Sobriety and Mental Health: Making Changes

World Mental Health Day falls in the second week of Sober October – fitting, given that the links between a more sober curious lifestyle and better mental health are undeniable. Jon Wilks, Co-Founder of REAL, recalls the changes he experienced a decade after going sober.

In the years since I’ve been involved with REAL, I’ve written on numerous occasions about my past experiences as a heavy drinker. At the height of my issues with alcohol, it threatened to completely derail my life. Getting beyond those issues was not easy, but once I felt I’d put a comfortable distance between myself and my drinking days, I knew I wanted to do something that might help other people. My involvement with REAL is a direct result of that.

One of the things that we celebrate most enthusiastically here at REAL is that clear-headed, energy-filled lifestyle – a sober-curious life lived unadulterated and undrunk, full of inquisitiveness and fresh experience. It’s a lifestyle that chimes vividly with me because I recall so acutely how the exact opposite felt.

In April 2007, I was three months into my 30th year. I had a young son, a wife I loved very much, a fascinating job, and I was living in the balmy South of Japan. On paper, everything looked great. And yet I could barely get out of bed. Quite literally. I was floored by two “situations” that appeared to feed off one another. As I lay in bed, missing work deadlines, repeatedly failing to live up to my familial responsibilities, I was in the midst of a depression that had gripped me in my mid-20s and never really lifted. Quite how I’d found myself quite so waylaid had a huge amount to do with the second of the situations: I found that the best way to be “me” (or, at least, the person I thought was me) was to go out and drink four or five pints until I felt I was the life and soul of the party.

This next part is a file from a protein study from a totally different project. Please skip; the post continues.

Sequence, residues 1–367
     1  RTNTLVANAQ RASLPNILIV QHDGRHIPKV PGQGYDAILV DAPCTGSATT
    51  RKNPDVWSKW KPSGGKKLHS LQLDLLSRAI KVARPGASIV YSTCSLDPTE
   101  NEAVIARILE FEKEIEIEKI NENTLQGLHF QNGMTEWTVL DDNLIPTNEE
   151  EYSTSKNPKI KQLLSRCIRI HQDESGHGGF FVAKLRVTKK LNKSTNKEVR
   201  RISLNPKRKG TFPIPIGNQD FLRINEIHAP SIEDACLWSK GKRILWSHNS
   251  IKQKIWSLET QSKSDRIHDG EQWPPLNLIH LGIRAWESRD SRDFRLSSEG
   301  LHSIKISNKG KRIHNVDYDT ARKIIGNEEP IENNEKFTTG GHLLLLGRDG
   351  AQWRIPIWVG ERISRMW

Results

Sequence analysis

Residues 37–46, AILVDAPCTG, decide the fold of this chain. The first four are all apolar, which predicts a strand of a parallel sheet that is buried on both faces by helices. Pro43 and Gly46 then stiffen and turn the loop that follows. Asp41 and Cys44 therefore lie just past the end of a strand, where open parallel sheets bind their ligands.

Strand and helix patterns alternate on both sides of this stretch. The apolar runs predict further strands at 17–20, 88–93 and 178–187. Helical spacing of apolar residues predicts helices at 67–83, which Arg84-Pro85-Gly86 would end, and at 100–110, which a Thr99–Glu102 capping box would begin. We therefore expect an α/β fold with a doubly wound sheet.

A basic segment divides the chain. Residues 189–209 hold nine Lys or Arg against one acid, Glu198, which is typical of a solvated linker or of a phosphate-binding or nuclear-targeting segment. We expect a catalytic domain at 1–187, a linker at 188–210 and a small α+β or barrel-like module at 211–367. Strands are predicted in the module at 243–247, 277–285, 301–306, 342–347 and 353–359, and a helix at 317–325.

“I was fresh into my 30s, everything to live for, but with the blankets pulled tightly over my head.”

You could add to that a third dilemma: when I was sober, I was anxious. Not just worried, mind you; I would get severe fight-or-flight panic attacks without warning. Trains, planes, crowded places, enclosed spaces… they all became situations to avoid. The only way to calm my nerves, it seemed, was to find a bar and have a drink. Or to stay in bed. And so that’s where I found myself. As I say: I was fresh into my 30s, everything to live for, but with the blankets pulled tightly over my head.

It seems strange to say this with hindsight, but the conversation around mental health had barely begun in 2007. It certainly wasn’t a common topic of conversation where I was living, at any rate. And the idea that avoiding alcohol might help things… well, that seemed almost unheard of. I stumbled upon that clear-headed, newfound energy quite by accident.

“When we discuss issues with alcohol, we lack sufficient wording to explain the full spectrum of what that might mean.”

Here’s a thing I’ve learnt during my time writing for this website and recording episodes of The REAL Podcast: when we discuss issues with alcohol, we lack sufficient wording to explain the full spectrum of what that might mean. I didn’t fit with the stereotypical image of an alcoholic (I wasn’t pouring myself a drink over breakfast, for example), but I had a deep level of dependency. I couldn’t go out and have a pint without it becoming four. But there was no language with which to describe what I was going through. If I wasn’t alcoholic, what was I? There was no label. Without having a way to speak about it, it simply became something I never spoke about at all.

As I say, I’ve written about this in numerous places, and I subsequently hear from people who are, quite commonly, from my generation. I came of age in the early-to-mid 90s. Britpop ruled. If you weren’t “having it large”, you weren’t anyone at all. By the mid-noughties, quite a number of us were starting to feel that the ability to “live forever” might be all hype. These days, on occasion, I’ll read articles by journalists who managed to make it into their 40s before it caught up with them and sober curiosity kicked in. I’m always amazed that they were able to last that long. They must have had much stronger constitutions! But I’m glad that they’ve managed to discover that sense of clarity and renewed energy, too. It’s an incredibly welcome thing.